Benzenoid isocyanates are preferred because of their low toxicity and of these 1-methyl-phenylene-2,4-diisocyanate commonly known as toluene diisocyanate or TDI is most preferred since it is readily available in commerce, and its use provides isocyanate modified fibers of high quality.

Reaction between the nylon and the vaporized isocyanate is effected upon continuously running yarn at an elevated temperature while keeping sufficient tension on the yarn to maintain substantially constant length. Carrying out the reaction on running yarn is convenient and by our process produces uniform results. Uniform results are not achieved when the yarn is exposed on a package to the isocyanate. We have discovered that the desired properties are not retained in the final product unless the reaction is carried out while the filament is under tension sufiicient to maintain substantially constant length. Vapor phase operation has been found essential in obtaining the present products, perhaps because when temperatures are high enough to obtain rapid reaction, the isocyanates in liquid-phase tend to dissolve the polyamide thus destroying its molecular organization needed to retain the desired strength, ultimate elongation, etc., and to undesirably fuse the individual filaments together.

The process of the invention will be better understood by reference to the accompanying drawings in which the single figure schematically illustrates the process.

Drawn, molecularly oriented nylon yarn is continuously pulled from a supply package 1 over a tension regulator 2 and a feed roll 3 to a preheat tank 4 kept at a sufficiently high temperature to adjust the yarn temperature to within at least 50- C. of the reaction temperature. If desired instead of preheat tank 4, there may be used a surface contact heater, a radiant heater, an infrared heater and the like. Alternately, tank 4 may be omitted. The yarn is then led under tension which prevents retraction of the yarn into a tank 5 containing the vapor of the selected isocyanate, admitted as a liquid or vapor via inlet 13, entrained with an inert gas such as nitrogen at a temperature in the range from about 150 C. to the zero-strength temperature of the yarn under tension. For polycaproamide yarns, the preferred temperature is between 200 and 215 C. The residence time is not over 2.5 minutes in this contacting zone, and more preferably from 0.1 minute to 1.0 minute.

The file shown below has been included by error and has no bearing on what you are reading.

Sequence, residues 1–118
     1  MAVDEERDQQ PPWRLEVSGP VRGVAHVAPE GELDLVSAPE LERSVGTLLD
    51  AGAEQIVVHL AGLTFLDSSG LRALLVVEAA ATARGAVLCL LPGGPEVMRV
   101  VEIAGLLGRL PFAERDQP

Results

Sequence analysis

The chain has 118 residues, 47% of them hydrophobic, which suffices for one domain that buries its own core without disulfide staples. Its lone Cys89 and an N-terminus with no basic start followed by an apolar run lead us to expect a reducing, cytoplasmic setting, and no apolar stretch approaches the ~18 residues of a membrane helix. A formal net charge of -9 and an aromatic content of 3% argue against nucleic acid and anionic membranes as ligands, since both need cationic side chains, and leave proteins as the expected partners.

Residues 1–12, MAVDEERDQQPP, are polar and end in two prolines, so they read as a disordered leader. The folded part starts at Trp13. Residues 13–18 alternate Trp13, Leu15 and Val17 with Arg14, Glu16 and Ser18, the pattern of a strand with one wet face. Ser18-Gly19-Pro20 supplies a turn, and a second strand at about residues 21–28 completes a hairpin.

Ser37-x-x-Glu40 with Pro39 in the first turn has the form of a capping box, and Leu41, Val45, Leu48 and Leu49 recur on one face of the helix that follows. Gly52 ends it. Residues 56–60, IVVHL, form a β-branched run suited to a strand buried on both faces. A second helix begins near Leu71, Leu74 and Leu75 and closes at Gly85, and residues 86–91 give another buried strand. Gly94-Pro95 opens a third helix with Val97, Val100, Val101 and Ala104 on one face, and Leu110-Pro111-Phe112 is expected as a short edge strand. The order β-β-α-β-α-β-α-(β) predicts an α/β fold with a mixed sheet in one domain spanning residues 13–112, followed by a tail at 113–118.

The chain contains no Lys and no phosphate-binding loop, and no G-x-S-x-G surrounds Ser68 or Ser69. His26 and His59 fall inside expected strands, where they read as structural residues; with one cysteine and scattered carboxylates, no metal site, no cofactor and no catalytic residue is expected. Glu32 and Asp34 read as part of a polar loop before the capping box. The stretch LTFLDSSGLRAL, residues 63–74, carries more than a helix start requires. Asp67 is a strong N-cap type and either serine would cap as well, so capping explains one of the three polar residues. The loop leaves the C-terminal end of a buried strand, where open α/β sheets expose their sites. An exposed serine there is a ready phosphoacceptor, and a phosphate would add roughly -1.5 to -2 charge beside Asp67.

The selected isocyanate can suitably be vaporized with heated nitrogen gas passed through a 65 micron porous sparger into a column of diisocyanate maintained at 150- 220 C. by suitable means. The yarn thus treated is next conducted to a curing tank 6 where the reaction with absorbed isocyanate is completed. The temperature in this curing zone is preferably Within 25 C. of the zerostrength temperature of the yarn, to minimize reaction time needed. For polycaproamide yarns the preferred temperature is 205217 C. The reaction time allowed therein is desirably about 0.1 minute to 2.5 minutes, especially about 0.1 minute to 10 minute. Thus desirably the total time of exposure to temperatures of 200 C. up is between about 0.2 minute and about 5 minutes. If a catalyst is used in the curing zone, the reaction time will be minimized.

From the last heating zone, the yarn is guided over a pull roll 7 to a take-up roll 8. It shows a slight weight increase, not over 10%, attributable to reacted isocyanate.

Desirably an inert gas such as nitrogen is supplied via pipe 9 and branches 10, 11, 12 to tanks 4, 5, and 6, respectively. The use of an inert atmosphere such as nitrogen is not essential but aids in minimizing side reactions.